Playing with History

Jewish subjectivity in contemporary lens-based art

Authored by: Rachel Garfield

The Routledge Handbook of Contemporary Jewish Cultures

Print publication date:  September  2014
Online publication date:  July  2017

Print ISBN: 9780415473781
eBook ISBN: 9780203497470
Adobe ISBN: 9781135048556

10.4324/9780203497470.ch25

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Abstract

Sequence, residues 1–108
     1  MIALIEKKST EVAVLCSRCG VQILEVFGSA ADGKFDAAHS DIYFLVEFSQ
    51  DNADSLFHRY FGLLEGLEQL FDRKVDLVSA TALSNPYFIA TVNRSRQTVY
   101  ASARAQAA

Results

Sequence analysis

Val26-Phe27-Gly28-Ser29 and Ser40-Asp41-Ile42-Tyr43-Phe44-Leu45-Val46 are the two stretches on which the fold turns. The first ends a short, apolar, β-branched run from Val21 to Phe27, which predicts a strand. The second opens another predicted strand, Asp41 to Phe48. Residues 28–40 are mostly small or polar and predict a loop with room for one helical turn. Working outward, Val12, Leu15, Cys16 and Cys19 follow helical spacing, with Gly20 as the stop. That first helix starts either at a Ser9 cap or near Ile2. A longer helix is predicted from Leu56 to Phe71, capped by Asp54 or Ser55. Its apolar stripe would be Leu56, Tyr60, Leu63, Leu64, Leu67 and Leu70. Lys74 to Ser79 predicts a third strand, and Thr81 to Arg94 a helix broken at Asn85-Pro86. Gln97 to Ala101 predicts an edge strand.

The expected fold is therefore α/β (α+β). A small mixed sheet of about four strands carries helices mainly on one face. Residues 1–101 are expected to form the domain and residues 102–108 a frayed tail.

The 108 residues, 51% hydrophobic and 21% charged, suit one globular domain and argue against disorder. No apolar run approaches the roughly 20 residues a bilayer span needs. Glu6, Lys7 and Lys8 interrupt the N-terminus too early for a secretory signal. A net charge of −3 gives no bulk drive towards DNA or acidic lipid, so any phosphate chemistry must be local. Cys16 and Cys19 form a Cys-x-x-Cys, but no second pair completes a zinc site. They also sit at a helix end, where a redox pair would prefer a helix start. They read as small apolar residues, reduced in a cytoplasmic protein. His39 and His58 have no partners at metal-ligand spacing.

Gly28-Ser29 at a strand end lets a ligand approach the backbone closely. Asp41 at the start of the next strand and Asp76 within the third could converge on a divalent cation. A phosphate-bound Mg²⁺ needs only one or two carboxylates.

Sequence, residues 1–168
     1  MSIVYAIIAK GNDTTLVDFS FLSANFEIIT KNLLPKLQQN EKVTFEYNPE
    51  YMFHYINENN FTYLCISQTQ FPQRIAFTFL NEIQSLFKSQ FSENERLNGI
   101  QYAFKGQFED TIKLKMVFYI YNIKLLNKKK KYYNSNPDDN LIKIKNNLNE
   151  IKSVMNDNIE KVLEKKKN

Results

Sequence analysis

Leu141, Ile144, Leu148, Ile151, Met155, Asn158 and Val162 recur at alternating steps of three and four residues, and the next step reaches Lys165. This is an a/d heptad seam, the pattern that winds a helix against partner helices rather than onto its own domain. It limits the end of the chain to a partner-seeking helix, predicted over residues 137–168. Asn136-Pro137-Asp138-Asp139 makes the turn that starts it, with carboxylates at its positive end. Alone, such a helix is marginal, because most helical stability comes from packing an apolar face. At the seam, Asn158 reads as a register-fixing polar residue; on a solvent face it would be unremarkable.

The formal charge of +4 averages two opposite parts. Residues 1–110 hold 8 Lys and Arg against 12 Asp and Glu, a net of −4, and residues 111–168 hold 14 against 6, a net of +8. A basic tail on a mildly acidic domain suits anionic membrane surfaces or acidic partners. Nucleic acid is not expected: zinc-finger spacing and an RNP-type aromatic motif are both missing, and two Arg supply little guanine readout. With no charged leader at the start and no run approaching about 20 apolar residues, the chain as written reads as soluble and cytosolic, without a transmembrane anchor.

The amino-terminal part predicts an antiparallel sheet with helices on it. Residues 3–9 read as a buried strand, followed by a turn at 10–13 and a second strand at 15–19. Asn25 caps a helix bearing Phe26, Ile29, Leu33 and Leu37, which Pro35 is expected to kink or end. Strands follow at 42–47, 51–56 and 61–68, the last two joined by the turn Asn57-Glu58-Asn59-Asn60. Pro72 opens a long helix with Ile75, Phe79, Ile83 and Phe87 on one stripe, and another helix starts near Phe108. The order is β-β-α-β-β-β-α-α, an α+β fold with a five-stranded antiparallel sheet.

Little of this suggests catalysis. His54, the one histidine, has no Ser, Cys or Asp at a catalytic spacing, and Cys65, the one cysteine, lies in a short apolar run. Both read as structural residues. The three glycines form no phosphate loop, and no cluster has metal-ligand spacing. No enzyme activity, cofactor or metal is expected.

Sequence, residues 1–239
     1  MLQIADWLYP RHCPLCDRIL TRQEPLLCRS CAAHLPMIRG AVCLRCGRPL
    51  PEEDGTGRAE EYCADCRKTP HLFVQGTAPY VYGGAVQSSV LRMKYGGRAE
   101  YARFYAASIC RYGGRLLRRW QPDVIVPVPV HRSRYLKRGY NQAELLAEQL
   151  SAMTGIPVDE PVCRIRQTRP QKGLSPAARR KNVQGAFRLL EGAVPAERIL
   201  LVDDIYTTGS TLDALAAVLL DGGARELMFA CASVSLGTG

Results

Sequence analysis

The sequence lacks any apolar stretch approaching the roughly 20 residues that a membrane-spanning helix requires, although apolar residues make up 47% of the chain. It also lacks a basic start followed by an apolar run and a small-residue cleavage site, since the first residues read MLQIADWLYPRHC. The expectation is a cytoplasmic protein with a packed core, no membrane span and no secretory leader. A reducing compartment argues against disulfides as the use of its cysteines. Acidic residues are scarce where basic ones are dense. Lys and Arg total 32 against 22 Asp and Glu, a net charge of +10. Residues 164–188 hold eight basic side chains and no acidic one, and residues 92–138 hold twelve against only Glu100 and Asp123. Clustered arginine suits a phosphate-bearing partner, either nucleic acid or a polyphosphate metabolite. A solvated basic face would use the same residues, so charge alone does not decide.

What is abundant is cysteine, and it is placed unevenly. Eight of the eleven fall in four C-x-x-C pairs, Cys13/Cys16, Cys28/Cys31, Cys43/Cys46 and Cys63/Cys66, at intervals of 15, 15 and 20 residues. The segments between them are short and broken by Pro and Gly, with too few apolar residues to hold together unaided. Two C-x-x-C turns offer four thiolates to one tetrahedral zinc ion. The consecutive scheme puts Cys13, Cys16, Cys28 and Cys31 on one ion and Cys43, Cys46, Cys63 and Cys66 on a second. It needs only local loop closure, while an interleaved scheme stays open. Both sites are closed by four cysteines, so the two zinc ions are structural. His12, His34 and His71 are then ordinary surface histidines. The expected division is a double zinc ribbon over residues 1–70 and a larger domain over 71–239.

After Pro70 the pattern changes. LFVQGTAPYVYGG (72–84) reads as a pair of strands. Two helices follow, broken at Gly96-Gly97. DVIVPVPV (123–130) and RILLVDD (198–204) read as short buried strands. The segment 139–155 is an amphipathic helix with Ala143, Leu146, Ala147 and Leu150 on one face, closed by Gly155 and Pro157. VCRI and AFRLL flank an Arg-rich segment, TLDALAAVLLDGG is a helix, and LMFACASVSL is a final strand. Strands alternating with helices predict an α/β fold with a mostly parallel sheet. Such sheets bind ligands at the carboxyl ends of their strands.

What does an explicit engagement with Jewish identity give to an art practice and what does such a practice tell us of our lived relations as Jews – in our multifarious ways of relating to that term? The urgency of this question can be understood within a context of multiculturalism where art is seen as a key component in the production of culture. The post war model for art funding has revolved around the idea that art has an impact on society and therefore can be of use in improving it; art projects are often funded on the basis of their direct impact on local neighborhoods and their communities. 1 Recent governments have seen the visual arts as central to developing economic regeneration and social cohesion in multicultural cities (Fisher 2011: 63). This is an instrumentalist vision of what art does and I suggest in this essay that art can stimulate change in a more subtle and profound way through the way it forms an understanding of the subject that is not altogether coherent or in line with a putative community. My aim is not to find artists who confirm a special relationship to victimhood, nor who celebrate Judaism particularly. Alongside many contemporary thinkers such as Stuart Hall or Judith Butler, and building on their work, I am concerned with posing questions that address what possibilities are constituted through thinking about identity as an ongoing and negotiated articulation of lived relations.

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